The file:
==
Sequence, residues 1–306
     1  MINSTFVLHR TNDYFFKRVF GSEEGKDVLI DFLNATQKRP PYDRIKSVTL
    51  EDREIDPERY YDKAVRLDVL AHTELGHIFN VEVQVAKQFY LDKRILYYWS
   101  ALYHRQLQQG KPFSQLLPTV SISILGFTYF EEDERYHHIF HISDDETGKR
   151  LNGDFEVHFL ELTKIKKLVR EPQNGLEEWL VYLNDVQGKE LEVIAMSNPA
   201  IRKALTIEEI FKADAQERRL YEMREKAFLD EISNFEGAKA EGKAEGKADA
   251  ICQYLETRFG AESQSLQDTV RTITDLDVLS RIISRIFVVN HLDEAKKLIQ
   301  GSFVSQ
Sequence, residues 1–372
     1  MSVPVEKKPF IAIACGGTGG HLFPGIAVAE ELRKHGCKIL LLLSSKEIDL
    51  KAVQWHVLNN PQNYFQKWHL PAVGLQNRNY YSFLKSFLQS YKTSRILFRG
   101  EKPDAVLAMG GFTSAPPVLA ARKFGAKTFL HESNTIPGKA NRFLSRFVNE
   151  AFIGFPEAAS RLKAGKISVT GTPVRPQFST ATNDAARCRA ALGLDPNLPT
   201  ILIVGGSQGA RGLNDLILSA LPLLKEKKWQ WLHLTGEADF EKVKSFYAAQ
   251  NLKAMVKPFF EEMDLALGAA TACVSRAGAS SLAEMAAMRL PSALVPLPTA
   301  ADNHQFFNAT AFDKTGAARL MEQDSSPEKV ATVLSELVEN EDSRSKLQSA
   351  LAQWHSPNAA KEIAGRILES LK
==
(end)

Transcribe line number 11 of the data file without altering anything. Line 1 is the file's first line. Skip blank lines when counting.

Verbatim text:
    51  KAVQWHVLNN PQNYFQKWHL PAVGLQNRNY YSFLKSFLQS YKTSRILFRG